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Emperor Napoleon; “I- a- have made an offer to my friend here, and –“
The Man in Possession; “No, have you, though? – I rather think I was the party to apply to.”
Emperor Napoleon; “Oh, indeed! Ah! Then in that case I’ll- But it’s of no consequence.”
His Majesty writes to me “Count Benedetti spoke to me on the promenade, in order to demand from me, finally in a very importunate manner, that I should authorize him to telegraph at once that I bound myself for all future time never again to give my consent if the Hohenzollerns should renew their candidature. I refused at last somewhat sternly, as it is neither right nor possible to undertake engagements of this kind a tout jamais. Naturally I told him that I had as yet received no news, and as he was earlier informed about Paris and Madrid he could clearly see that my government once more had no hand in the matter.” His Majesty has since received a letter from the Prince. His Majesty having told Count Benedetti that he was awaiting news from the Prince, has decided, with reference to the above demand, not to receive Count Benedetti again, but only to let him be informed, through an aide-de-camp; That His Majesty has now received from the Prince confirmation of the news which Benedetti
already received from Paris, and has nothing further to say to the ambassador. His Majesty leaves it to your excellency whether Benedetti’s fresh demand and its rejection should be at once communicated both to ambassadors and to the press.
After the news of the renunciation of the hereditary Prince of Hohenzollern had been officially communicated to the imperial government of France by the royal government of Spain, the French ambassador at Ems further demanded of his Majesty the King that he would further authorise him to telegraph to Paris that his Majesty the King bound himself for all future time never again to give his consent if the Hohenzollerns should renew their candidature. The Majesty the King thereupon decided not to receive the French ambassador again, and sent to tell him through the aide-de-camp on duty that his Majesty had nothing further to say to the ambassador.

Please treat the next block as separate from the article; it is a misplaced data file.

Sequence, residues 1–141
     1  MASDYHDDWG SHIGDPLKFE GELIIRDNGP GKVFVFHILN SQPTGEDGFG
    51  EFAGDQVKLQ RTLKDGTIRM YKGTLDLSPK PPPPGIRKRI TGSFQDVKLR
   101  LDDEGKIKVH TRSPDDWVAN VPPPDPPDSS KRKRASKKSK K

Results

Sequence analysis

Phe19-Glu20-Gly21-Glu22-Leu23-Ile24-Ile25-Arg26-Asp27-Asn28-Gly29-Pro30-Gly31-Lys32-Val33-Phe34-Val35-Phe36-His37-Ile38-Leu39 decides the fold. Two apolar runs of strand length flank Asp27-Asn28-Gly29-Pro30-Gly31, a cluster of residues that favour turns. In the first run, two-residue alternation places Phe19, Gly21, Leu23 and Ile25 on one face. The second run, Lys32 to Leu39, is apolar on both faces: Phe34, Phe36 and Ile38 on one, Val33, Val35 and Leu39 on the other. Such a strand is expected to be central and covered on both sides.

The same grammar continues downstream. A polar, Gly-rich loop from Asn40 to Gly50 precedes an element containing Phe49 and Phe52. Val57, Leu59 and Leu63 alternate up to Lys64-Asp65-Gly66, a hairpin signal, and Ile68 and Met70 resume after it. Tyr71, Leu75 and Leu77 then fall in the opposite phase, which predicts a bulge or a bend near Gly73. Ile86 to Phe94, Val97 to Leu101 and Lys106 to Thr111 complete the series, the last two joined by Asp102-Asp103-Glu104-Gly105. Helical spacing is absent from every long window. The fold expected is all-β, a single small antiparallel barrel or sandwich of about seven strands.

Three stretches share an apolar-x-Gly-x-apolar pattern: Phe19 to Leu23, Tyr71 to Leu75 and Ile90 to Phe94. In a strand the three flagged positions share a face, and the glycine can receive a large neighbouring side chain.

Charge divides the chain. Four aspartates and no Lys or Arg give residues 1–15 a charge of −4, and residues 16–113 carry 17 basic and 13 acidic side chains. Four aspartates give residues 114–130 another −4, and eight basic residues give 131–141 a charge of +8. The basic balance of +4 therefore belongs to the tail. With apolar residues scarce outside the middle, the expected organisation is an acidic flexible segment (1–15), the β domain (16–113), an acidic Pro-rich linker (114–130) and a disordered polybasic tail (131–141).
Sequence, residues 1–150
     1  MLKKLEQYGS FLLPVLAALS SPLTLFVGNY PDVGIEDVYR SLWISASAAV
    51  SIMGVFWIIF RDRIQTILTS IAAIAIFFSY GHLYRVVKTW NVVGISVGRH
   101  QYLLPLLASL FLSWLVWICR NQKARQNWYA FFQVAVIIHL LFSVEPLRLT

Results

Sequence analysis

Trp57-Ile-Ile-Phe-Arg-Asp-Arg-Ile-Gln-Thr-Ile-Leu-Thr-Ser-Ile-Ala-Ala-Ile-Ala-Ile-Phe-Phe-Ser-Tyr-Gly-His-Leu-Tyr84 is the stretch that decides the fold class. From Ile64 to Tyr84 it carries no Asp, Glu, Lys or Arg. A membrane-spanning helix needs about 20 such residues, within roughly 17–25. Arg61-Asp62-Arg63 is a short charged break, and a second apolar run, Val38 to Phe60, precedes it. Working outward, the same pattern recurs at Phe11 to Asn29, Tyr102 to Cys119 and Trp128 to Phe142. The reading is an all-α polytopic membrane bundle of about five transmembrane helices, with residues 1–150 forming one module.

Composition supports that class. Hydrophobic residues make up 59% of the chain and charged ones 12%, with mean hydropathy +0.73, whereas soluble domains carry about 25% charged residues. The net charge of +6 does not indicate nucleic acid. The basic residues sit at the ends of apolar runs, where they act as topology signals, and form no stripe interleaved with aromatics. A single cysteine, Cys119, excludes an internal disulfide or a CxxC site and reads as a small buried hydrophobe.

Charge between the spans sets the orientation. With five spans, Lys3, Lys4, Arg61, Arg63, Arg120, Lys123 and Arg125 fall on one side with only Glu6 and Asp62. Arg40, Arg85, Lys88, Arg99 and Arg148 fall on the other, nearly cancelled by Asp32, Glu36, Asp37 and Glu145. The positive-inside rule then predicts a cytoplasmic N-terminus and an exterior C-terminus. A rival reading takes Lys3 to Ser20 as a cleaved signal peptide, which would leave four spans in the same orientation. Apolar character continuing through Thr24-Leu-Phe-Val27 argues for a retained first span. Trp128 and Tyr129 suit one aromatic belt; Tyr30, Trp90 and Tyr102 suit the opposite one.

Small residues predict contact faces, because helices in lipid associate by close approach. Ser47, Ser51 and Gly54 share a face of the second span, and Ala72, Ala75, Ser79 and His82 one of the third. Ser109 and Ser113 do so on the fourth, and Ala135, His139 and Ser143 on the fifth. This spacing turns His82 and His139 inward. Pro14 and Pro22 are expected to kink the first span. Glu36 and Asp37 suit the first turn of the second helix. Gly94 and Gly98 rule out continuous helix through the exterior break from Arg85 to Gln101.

M. Benedetti, a diplomatist of the first rank, aware doubtless of the Imperial wishes, on the 14th inst., without asking for an audience, assailed the King with this demand on the public promenade of Ems. King William accepted this act as it was meant, as a breach of etiquette intended to imply inferiority, and turning to his aide-de-camp, Count Lehndorff, ordered him to inform M. Benedetti that his Majesty had no communication to make, and would give him no audience. M. Benedetti thereupon quitted Ems.
To make sure of a repulse, the French Ambassador, M. Benedetti, received instructions which induced him to assail the King on the public promenade of Ems with this demand, an affront which, even in the history of French diplomacy, always able, but so often arrogant, is almost without a parallel. It was met with haughty dignity, the King, looking steadily at M. Benedetti, ordered the aide-de-camp by his side to inform him that he declined to receive him, having no further communication to make,—and the Emperor had at last succeeded. He had aroused the German heart at last. It was, then, insult that he meant, to be accepted under penalty of war…
This is, we believe, the only true, as it is certainly the only intelligible, explanation of the astounding incidents of the week.